Ray and I drove out to my grandparents' house to help them pack things up for their move to an assisted living home. Aside from the time some idiot pulled a fire alarm and I had to carry Ray down seven flights of stairs at 2 a.m., this is pretty much how it went:
Your House (Draft)
I know it's the last thing on your mind right now,
but I'll miss your house.
You know, you have too much stuff.
You save everything, from fabric remnants twenty years old
(Am I exaggerating? Tell the truth now)
to Parkay tubs stuffed with leftovers all-too-easily
identified from the last time I saw you.
(Okay, so that's an exaggeration. But only a small one.)
You've been giving things away for a while.
A hundred interrupted and well-intentioned projects,
now boxed up and sent off in minivans and pickup trucks,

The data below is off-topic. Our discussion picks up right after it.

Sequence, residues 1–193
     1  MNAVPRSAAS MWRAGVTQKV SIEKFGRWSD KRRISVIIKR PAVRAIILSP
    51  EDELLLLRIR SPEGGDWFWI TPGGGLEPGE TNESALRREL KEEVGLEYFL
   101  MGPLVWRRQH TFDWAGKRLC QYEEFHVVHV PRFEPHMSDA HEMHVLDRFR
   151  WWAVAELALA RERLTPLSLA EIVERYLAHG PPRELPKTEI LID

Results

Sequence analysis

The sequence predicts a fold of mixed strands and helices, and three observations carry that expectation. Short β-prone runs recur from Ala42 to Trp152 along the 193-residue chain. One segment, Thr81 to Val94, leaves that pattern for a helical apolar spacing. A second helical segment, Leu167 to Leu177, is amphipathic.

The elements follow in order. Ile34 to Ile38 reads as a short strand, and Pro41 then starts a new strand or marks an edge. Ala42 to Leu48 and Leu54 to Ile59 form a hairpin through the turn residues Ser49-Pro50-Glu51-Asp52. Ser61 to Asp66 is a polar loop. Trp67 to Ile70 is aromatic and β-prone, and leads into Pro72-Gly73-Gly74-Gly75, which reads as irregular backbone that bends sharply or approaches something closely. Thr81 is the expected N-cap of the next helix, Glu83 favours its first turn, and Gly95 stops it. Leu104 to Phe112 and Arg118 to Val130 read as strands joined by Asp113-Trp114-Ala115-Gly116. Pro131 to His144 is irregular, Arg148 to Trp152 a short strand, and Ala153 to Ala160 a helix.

looking for homes with your children,
your grandchildren, your friends, the church rummage sale,
the goodwill, anyone who needs them,
anyone who will give them a home.
Each canning jar, each spool of thread has a story:
This is the story of the Jello mold.
This is the story of the story of the broken beads.
Maybe I'll like the new place. I didn't like this one
when you left the farm. But it grew on me,
until I can't imagine it without somebody's RV
parked on the dry grass in the front yard,
the neighbor's horses begging for apples,
the vinyl tablecloth patterns that I've traced and retraced
with one finger and the sweat from a glass of icewater,
the couch lined with relations who drove five hours
in a minivan to do just this -- sit --
and, always, the hutch, where old dishes breed like rabbits.
The truck stop. The gravel road, complete with warshboards.
The evermoving wind, picking up tumbleweeds
and blowing them away.